ELIE HONIG, CNN SENIOR LEGAL ANALYST: Well, Jake, if there is an indictment, I think it is fair to bet this will be what we call a speaking indictment, meaning it won't just be a dry listing of the charges, it'll read like a narrative.

And if we look at Jack Smith's first indictment, the Mar-a-Lago indictment, I think there's a few things we can look for. First of all, he will give us a better sense of what his evidence is, in the Mar-a-Lago indictment. He cited to specific texts, emails, and audio recordings.

Second of all, he will give us a much better sense of what his evidence is in the Mar-a-Lago indictment. He cited to a specific texts, emails and audio recordings.

Second of all, we will get a sense of what -- who the witnesses are here. For example, if we see a detailed recitation of a one on one conversation that we know happened between hypothetically Donald Trump and Mike Pence, that I think we can deduce from that that Mike Pence is a witness and somebody who Jack Smith's team is relying on. And finally, of course, we will learn what the specific charges are, that is the important thing.

TAPPER: So, Jamie, one of the questions is will there be an affect on the Republican base from all these charges and, frankly, all this evidence against Donald Trump, right?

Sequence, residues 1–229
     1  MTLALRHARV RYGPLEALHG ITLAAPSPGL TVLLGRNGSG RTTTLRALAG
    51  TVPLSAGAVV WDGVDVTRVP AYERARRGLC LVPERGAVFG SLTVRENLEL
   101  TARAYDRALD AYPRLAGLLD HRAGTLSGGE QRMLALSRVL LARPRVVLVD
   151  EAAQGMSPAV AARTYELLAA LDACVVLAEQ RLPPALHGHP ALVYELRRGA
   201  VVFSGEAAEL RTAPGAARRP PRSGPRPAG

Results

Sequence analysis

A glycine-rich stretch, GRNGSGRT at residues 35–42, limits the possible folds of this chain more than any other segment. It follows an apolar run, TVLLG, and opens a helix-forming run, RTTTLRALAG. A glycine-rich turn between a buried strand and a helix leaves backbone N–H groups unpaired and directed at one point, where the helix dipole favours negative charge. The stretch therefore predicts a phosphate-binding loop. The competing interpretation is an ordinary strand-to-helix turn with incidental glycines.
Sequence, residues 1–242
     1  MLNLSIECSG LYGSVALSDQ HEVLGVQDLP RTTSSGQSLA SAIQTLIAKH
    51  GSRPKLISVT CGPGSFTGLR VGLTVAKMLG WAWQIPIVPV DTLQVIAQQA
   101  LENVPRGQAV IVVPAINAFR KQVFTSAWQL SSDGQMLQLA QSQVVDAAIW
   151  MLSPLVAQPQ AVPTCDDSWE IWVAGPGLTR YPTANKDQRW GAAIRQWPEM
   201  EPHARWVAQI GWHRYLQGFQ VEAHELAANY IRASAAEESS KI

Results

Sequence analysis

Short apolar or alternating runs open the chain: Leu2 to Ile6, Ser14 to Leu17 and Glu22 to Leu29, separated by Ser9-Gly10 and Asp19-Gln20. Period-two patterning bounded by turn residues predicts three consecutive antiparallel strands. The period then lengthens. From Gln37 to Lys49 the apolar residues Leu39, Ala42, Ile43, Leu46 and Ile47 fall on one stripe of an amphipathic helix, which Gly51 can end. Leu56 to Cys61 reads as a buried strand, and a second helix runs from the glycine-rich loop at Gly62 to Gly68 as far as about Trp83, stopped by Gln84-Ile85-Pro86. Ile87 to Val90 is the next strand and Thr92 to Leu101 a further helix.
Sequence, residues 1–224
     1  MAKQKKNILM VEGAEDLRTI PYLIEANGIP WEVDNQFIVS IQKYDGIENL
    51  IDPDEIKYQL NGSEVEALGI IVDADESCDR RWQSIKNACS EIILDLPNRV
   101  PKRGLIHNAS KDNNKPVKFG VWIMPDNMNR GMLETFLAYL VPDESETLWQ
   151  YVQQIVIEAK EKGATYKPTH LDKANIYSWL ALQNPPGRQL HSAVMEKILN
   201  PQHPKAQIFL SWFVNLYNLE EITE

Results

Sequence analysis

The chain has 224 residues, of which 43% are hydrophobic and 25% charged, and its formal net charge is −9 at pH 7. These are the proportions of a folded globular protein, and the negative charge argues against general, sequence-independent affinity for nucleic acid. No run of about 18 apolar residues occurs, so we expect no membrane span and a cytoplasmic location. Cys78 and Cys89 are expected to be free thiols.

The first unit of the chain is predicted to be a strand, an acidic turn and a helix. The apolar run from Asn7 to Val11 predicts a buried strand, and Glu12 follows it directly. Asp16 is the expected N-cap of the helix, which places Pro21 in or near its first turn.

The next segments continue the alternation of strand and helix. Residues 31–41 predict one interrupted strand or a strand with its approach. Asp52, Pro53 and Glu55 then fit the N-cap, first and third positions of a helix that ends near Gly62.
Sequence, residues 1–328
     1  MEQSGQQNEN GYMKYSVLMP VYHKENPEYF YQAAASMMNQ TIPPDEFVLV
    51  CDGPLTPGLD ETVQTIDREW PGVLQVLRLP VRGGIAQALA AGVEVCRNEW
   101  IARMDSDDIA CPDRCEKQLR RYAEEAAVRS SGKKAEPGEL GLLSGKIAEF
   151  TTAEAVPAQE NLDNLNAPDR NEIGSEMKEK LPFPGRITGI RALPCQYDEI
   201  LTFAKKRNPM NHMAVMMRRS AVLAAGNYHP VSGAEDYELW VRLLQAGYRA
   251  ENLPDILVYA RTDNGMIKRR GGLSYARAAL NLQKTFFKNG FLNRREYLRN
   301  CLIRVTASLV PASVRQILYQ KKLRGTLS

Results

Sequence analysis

TAPPER: Well, there's a lot of evidence but we have seen a rally around the flag impact when it comes to this sort of thing. Donald Trump has a bump in the polls. But, yesterday, there was a poll in New Hampshire of Republicans and Republican-leaning independents suggesting that Donald Trump was only supported there 37 percent. That's still first place but still a lot of people, 63 percent not supporting Donald Trump.

And now, maybe I'm just glass is half full kind of guy, as opposed to glass is half empty. But that would seem to suggest a lot of fatigue or at least preference for other people, a majority.

GANGEL: So, let me just suggest, that may be New Hampshire because if you look at national polls. So, yesterday, there was a Quinnipiac national poll. Donald Trump is 54 percent. Next was DeSantis, 25 percent, and then Nikki Haley 4 percent.

So, nationally, he's still doing very well. We looked at some fund- raising numbers, in early March, Trump was bringing in about $80,000 a day. When that New York indictment came in, around those days, $4 million.

TAPPER: A day?

GANGEL: Not a day, but in the days surrounding it.

TAPPER: After that.

GANGEL: There was a big bump.

TAPPER: And, Evan, sources telling CNN that prosecutors are trying to set up interviews with other witnesses. So could they vote, theoretically, on charges now and still continue to interview other witnesses, the grand jury?